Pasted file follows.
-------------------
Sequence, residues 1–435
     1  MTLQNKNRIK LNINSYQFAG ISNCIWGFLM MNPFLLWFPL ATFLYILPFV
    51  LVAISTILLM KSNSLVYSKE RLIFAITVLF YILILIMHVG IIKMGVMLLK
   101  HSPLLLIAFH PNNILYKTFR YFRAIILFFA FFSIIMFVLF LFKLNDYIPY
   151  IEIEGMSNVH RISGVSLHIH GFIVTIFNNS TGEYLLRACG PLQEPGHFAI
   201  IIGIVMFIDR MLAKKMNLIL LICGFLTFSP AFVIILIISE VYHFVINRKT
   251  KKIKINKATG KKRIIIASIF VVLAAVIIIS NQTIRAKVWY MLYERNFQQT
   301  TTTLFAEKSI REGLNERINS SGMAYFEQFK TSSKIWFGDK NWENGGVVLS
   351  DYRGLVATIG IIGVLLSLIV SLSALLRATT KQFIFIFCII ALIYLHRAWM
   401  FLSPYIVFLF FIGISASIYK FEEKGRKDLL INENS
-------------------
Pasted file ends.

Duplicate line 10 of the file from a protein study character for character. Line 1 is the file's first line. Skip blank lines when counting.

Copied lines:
   401  FLSPYIVFLF FIGISASIYK FEEKGRKDLL INENS